17 Edible Weeds With Extraordinary Health Benefits In Your Garden

17 Edible Weeds With Extraordinary Health Benefits In Your Garden

#11 Red Clover (Trifolium Pretense)


Red Clover contains a source of calcium, chromium, magnesium, niacin, phosphorus, potassium, thiamine, and vitamin C. Because it’s also a rich in isoflavones, chemicals that act like estrogens in the body, go easy on your intake. Small amounts of raw clover leaves or flowers can be added to salads, sautéed, or pan-roasted.

#12 Sheep Sorrel (Rumex Acetosella)


A good source of vitamin C and E, sheep sorrel has been used to treat inflammation, diarrhea, and even scurvy. It’s also used to treat urinary tract infections, maintain blood sugar levels, and support the liver. Because of the potassium oxalate levels, this weed shouldn’t be eaten in excess but small amounts liven up soups, salads, and stir-fries with their lemony and tart taste. It’s also fantastic when paired with seafood or chicken.

#13 Stinging Nettle (Urtica Dioica)


Stinging Nettle is Another popular medicinal weed. It’s used for urination problems and kidney stones, joint ailments, and as a diuretic. The leaves are also said to help fight allergies and hay fever. Nettles are rich in vitamins A, B2, C, D, and K and have important nutrients like antioxidants, amino acids, and chlorophyll. They’re also a good source of calcium, potassium, iodine, manganese, and especially iron.

#14 Wild Amaranth (Amaranthus)


This summer annual weed is a great source of free protein. The leaves of wild amaranth are delicious and delicately flavored when pan-fried, or added to any dish that calls for leafy greens. Cooked amaranth leaves contain vitamin A, vitamin C, and folate; with lesser amounts of thiamine, niacin, and riboflavin, and some minerals such as calcium, iron, potassium, zinc, copper, and manganese.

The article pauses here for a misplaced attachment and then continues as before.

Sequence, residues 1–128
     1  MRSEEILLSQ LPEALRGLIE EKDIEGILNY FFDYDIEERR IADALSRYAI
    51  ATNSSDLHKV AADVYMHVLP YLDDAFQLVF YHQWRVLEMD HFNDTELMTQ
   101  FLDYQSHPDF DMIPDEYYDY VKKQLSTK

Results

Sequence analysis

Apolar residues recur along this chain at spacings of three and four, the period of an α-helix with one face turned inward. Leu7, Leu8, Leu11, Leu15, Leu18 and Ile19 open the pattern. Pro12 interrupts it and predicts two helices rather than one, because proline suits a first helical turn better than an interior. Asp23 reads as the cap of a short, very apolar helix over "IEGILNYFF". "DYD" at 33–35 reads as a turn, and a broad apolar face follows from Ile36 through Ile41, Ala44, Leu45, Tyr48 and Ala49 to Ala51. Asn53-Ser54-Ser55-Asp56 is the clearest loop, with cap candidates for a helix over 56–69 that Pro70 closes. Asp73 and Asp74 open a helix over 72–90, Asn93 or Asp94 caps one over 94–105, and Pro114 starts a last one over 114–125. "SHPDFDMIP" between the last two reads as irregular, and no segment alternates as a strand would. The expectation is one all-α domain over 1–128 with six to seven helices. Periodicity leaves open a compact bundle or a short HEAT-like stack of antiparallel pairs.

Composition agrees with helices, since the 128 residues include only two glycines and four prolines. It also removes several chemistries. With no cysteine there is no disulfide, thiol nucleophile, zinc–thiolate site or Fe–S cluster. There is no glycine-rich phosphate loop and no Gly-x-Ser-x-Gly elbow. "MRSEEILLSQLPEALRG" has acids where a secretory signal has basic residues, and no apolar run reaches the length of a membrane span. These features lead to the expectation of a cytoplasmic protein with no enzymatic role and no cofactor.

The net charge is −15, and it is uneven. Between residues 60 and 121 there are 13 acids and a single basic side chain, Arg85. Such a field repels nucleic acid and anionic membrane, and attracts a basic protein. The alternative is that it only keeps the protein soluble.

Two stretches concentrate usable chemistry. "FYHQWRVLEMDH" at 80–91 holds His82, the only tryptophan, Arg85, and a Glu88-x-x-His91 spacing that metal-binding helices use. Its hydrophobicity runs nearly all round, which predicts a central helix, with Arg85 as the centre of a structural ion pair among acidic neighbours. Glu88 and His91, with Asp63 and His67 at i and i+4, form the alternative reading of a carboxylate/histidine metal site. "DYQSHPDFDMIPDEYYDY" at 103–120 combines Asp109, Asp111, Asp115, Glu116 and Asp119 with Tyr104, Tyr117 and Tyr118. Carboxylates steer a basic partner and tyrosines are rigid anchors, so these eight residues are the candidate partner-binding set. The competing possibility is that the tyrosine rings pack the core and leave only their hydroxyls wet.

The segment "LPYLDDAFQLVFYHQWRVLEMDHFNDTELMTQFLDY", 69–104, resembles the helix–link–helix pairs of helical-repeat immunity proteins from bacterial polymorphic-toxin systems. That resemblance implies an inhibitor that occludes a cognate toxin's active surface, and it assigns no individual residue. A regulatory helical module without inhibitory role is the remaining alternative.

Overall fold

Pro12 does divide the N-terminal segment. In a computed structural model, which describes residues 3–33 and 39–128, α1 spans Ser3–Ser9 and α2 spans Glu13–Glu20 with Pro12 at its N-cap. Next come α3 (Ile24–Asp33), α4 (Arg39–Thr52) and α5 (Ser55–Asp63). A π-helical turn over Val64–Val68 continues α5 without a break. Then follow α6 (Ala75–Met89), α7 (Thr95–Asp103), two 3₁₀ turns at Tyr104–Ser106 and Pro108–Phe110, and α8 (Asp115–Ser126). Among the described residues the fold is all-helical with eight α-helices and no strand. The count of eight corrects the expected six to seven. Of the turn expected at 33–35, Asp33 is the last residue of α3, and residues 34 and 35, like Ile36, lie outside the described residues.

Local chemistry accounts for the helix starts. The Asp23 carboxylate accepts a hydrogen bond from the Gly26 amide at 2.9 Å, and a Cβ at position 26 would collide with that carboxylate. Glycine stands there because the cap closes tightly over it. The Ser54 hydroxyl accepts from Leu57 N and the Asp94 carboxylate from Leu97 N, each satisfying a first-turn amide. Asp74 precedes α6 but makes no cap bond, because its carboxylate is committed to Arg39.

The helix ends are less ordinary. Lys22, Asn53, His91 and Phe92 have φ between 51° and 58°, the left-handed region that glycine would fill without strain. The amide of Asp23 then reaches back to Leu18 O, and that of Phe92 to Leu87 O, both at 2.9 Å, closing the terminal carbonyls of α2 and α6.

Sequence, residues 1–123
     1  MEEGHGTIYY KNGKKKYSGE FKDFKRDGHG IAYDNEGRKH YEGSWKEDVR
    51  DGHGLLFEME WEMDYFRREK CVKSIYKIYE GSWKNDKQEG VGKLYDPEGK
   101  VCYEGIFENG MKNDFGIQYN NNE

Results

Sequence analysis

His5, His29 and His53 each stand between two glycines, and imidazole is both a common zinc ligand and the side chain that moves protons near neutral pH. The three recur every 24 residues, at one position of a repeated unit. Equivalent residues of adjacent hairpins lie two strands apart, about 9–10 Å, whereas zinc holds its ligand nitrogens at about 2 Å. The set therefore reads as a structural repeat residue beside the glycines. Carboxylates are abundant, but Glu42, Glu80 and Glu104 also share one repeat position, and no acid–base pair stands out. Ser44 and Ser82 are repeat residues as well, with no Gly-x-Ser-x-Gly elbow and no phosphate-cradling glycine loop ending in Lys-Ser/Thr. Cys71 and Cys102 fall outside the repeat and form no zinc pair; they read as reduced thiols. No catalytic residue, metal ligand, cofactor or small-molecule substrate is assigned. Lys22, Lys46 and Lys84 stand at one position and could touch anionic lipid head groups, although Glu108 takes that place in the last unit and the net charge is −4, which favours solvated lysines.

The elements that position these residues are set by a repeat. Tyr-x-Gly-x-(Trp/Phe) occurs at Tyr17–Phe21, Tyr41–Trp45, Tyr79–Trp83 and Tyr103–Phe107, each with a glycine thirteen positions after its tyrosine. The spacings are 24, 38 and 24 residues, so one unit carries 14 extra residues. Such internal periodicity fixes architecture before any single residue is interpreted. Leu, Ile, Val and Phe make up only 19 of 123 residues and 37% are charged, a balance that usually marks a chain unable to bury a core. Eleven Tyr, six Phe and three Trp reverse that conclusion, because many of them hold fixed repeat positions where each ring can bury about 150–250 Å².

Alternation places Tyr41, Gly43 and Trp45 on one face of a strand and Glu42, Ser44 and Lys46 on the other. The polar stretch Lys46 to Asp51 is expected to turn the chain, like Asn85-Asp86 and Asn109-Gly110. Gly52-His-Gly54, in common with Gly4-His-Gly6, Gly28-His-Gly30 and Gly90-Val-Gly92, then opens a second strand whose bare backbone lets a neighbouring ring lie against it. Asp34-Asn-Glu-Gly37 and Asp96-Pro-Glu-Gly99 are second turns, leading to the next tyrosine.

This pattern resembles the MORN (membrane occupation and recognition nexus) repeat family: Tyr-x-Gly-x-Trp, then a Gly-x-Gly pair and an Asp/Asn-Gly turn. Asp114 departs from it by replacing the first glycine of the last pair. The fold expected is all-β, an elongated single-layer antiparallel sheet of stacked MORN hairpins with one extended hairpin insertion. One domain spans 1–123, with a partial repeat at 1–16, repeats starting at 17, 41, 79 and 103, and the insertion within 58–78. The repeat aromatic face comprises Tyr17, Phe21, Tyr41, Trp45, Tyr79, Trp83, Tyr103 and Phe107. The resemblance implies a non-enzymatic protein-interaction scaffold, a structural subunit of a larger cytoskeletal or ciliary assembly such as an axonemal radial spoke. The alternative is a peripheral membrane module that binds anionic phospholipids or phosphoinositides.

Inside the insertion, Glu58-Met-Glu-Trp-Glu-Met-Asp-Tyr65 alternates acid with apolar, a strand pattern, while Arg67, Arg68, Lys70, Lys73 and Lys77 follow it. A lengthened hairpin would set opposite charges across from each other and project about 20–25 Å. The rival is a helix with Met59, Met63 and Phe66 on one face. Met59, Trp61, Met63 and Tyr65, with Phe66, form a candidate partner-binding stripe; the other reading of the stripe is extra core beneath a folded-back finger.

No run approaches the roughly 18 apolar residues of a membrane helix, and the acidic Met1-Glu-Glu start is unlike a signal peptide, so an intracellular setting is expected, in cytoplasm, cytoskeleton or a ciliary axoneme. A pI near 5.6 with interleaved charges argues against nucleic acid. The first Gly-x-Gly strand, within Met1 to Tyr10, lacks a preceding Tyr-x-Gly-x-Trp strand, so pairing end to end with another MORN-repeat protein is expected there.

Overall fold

#15 Wild Garlic (Allium Ursinum)


Wild garlic with delicate white flowers and thin shoots, this useful ‘weed’ is delicious when used in a homemade pesto. It can also be used in place of chives or green onion and added to salads, sandwiches, and soups. Just like the garlic, we’re used to buying in the store, the wild variety also boasts antibacterial, antibiotic, antiseptic, and antifungal properties. Of all the garlic, wild garlic has been found to have the greatest ability to lower blood pressure.

#16 Wild Violets (Viola)


The mild-tasting leaves and stems can be eaten either raw or cooked. Leaves can be dried for a tea that has mild laxative qualities and the flowers can be added to vinegar for a homemade dressing, or simply sprinkled on salads.

#17 Wood Sorrel (Oxalis Montana)


These leaves are high in vitamin C and have diuretic and cooling properties meaning they are useful to treat urinary tract infections and fevers. Wood sorrel is also used for indigestion or as an appetite stimulant. As the stems are difficult to chew, it’s best to just enjoy the leaves, flowers, and seedpods, which have a mild lemony taste. Wood sorrel works well with fish and in salads.

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